Friday, January 6, 2012

Political Misdirection

Just before the Iowa Caucuses, with Rick Santorum surging in the polls, Rick Perry went on the attack criticizing Santorum's record on earmarks. Now neck-and-neck with Santorum in South Carolina, the Romney campaign has torn a page from the Perry playbook.

Romney has enlisted long-time earmark critic John McCain to likewise attack Santorum on earmarks. Invoking the names of South Carolina's two Senators McCain noted "I think [earmarks are] wrong for America and so does Sen. [Jim] DeMint and so does Sen. Lindsey Graham who have been staunch fighters against earmark and pork barrel spending." (The use of Graham's name is dubious given Graham's support for earmarks and his very public feud with DeMint over an earmark for the port at Charleston.)

Conjuring up one of his well-worn claims McCain argued on the campaign trail yesterday that "...earmark spending is the gateway to corruption...Sen. Santorum and I have a strong disagreement, a strong disagreement that he believes that earmark and pork barrel projects were good for America."

Misdirection takes advantage of the cognitive limits of the human mind. Typically we can only focus on one thing at a time. Misdirection works by focusing our attention on one thing, something likely to grab our attention, while a more meaningful objective is achieved unnoticed by the spectator. 

Political misdirection uses the same principle; distract the public with an issue of dubious policy importance like earmarks while achieving larger policy goals. While the public is frothing over earmarks much more costly tax loopholes are woven into the tax code for the benefit of favored constituencies (with the added benefit of then decrying the tax code as too complicated and filled with loopholes).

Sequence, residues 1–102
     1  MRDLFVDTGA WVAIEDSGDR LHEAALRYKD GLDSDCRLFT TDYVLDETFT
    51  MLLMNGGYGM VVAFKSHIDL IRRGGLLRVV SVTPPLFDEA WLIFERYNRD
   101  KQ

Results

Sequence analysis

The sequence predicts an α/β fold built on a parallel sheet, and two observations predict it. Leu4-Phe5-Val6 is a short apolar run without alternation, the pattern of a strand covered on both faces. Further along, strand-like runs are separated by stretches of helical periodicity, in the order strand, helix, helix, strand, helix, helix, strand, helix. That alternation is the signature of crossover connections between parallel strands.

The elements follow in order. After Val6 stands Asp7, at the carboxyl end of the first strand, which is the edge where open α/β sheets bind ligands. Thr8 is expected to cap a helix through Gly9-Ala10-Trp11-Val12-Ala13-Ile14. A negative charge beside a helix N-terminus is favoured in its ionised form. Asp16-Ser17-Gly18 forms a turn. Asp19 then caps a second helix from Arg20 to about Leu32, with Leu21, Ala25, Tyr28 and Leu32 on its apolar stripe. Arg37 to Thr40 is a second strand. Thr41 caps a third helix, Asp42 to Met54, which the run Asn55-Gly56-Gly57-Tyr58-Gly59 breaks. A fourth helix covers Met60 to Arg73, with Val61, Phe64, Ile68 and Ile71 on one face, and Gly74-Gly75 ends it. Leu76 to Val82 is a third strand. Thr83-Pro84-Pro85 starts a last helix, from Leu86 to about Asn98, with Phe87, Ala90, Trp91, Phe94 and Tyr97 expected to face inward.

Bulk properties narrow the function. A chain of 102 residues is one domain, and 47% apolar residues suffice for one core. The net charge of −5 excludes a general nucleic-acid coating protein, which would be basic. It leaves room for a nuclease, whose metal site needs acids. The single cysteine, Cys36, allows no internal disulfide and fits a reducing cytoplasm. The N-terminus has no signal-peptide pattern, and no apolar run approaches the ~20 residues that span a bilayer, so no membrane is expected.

An example came to our attention by way of an NPR story that aired this morning.

A recent study University of Kansas professors Raquel Alexander, Stephen Mazza, and Susan Scholz examines the "return on investment" of lobbying expenditures on the American Jobs Creation Act of 2004. The AJCA created an amnesty for U.S. corporations with foreign earnings that were held off shore. Corporations could "repatriate" those funds at a substantial tax discount (15% on earnings compared to the 35% tax rate on the earnings). 

Alexander, Mazza, and Scholz estimate that companies spent about $288 million lobbying for the AJCA reaping tax savings of $62.5 billion; that is, for every $1 a corporation invested in lobbying on AJCA their average return on investment was $220.

This single tax loophole in 2004 cost about four times all of the earmark expenditures for that same year. A quick search of The New York Times for 2004 reveals almost 100 stories about earmarks and "pork barrel projects" and only one story about the $62.5 billion American Jobs Creation Act.

We are not suggesting that lobbying is corrupt. We are not suggesting that the AJCA was bad policy. We are not suggesting that the members of Congress who supported the AJCA were corrupt. 

What we are suggesting is that earmark critics like McCain create a tempest surrounding earmarks while more fundamental and costly issues get little or no attention. Likewise, when it comes to the Republican Presidential nomination what stories about Romney are being ignored while the electorate and the media are distracted with earmarks?

Thursday, January 5, 2012

CHOICE Review of Cheese Factories

Scrolling through my (Sean) Facebook news feed this morning I was surprised to come upon CHOICE magazine's Top Review for the day: Cheese Factories on the Moon. The reviewer recommends Cheese Factories as

"...a worthwhile read for anyone interested in earmarks, the federal deficit, and the role of Congress and congressional spending decisions in the larger government/political picture."
CHOICE rates Cheese Factories "Highly Recommended."